Another study, published last year in the journal BMC Public Health, found that those who drink three to four cups of coffee a day (whether ground, instant, caffeinated or decaf) reduced their risk of chronic liver disease by 21 percent, compared with those who didn’t drink coffee at all.

A third study, also published last year in the American Heart Association (AHA) journal Circulation, found that drinking one or more cups of plain, caffeinated coffee a day was associated with a long-term reduced risk of heart failure.

The AHA researchers found that the risk of heart failure dropped between five percent and 12 percent for each cup of black coffee the subjects drank. The risk declined even more, to 30 percent, when subjects drank two or more cups daily in one of the studies. The study found, however, that decaffeinated coffee did not offer the same benefit. 

“The association between caffeine and heart failure risk reduction was surprising,” senior author Dr. David Kao, medical director of the Colorado Center for personalized Medicine at the University of Colorado School of Medicine in Aurora, said in a statement.

“Coffee and caffeine are often considered by the general population to be ‘bad’ for the heart because people associate them with palpitations, high blood pressure, etc. The consistent relationship between increasing caffeine consumption and decreasing heart failure risk turns that assumption on its head,” he said.

Latest findings

The most recent research, published last month in the Annals of Internal Medicine, found that people who drink a moderate amount of coffee, defined as up to 3 1/2 cups a day, were up to 36 percent less likely to die from any cause over the seven-year period of the study than those who did not drink coffee.

It didn’t matter what type of coffee the subjects drank—ground, instant, caffeinated, or decaf—or even if they added a modest amount of sugar: The results were the same.

According to Johns Hopkins, there are also many other benefits from daily coffee consumption. For example:

  • Coffee may help your body process glucose better, meaning you may be less likely to develop type 2 diabetes.
  • Coffee may lower the risk of developing Parkinson’s disease, and help those who have it control their movements better.
  • Coffee can help lower your risk of colon cancer.
  • Drinking dark-roast coffee has even been shown to decrease breakage in DNA strands, which helps protect against various cancers.

Some coffee caveats

It’s typical with humans, however, to think that if something is good for you, more of it is better. That’s rarely the case, including with coffee.

The U.S. Department of Agriculture’s (U.S.D.A.) Dietary Guidelines for Americans recommend no more than 400 milligrams of caffeine a day. An average eight-ounce cup contains 95 milligrams of caffeine.

Several studies—including those outlined above—have found that five cups of coffee a day appears to be the upper limit of safety. In fact, a 2009 study found a 17-21 percent increased risk of death among those who drank four or more cups a day.

Other possible negative effects of too much coffee include:

  • increased blood pressure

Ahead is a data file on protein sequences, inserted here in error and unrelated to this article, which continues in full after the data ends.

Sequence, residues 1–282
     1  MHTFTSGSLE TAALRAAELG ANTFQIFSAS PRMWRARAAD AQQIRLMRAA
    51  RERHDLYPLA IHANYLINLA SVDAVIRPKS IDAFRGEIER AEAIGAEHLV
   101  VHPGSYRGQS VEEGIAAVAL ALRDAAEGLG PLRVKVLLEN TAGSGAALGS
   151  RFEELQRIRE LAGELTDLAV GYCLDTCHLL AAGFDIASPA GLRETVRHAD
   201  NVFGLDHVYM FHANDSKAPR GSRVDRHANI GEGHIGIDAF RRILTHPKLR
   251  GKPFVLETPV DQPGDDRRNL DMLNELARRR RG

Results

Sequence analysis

• headache
  • heartburn
  • dehydration
  • increased heart rate
  • abnormal heart rhythm
  • anxiety
  • dizziness
  • insomnia

In addition, a 2017 study found that pregnant women who drink more than four cups of coffee a day were more likely to experience low birth rate babies, preterm births, and stillbirths.

Another study linked coffee consumption with the possibility of increased bone loss in postmenopausal women if their diets lack sufficient calcium intake.

Finally, those who are sensitive to caffeine may experience many of these side effects with even small amounts of coffee. Older adults also may not be able to metabolize caffeine as well they did when they were younger.

And anyone who is taking certain drugs (like ephedrine, used in decongestants) can experience increased blood pressure, along with a higher stroke risk, when they consume coffee as well. 

But if you’re not caffeine-sensitive, and you don’t overdo it, our primary care doctors urge you to feel free to enjoy that third or fourth cup of the day without guilt.

The Risk of Salmonella in Backyard Chickens

If you’ve been buying cage-free eggs, or eggs from your local farmer, or even raising your own chickens to lower your risk of salmonella, our concierge doctors in Jupiter have some unhappy news for you: Most chickens, ducks, and turkeys carry some form of the more than 2,000 types of salmonella, according to Craig Coufal, Texas A&M AgriLife Extension Service poultry specialist.

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child liver disease

What to Know About the Mysterious Liver Disease in Kids

The disease is mysterious, arising seemingly out of nowhere. But the most important thing our primary care concierge doctors want you to know about the new rash of hepatitis in children is that at this point it is still extremely rare. And that there’s no need for panic at this point.

Because the onset of the illness is so sudden, however, and can become so severe so quickly, we do want to let you know what to watch for in your young children.

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long-covid

Living with Long COVID

The post-COVID syndrome commonly known as “long COVID” or “long-haul COVID” can be debilitating.

Although not everyone experiences aftereffects from infection, some of the most common symptoms include lingering fatigue, shortness of breath after even mild exertion, trouble sleeping, “brain fog,” and symptoms that worsen after physical or mental activity. Others can include rapid heartbeat, chronic pain, dizziness, muscle weakness, and erectile dysfunction.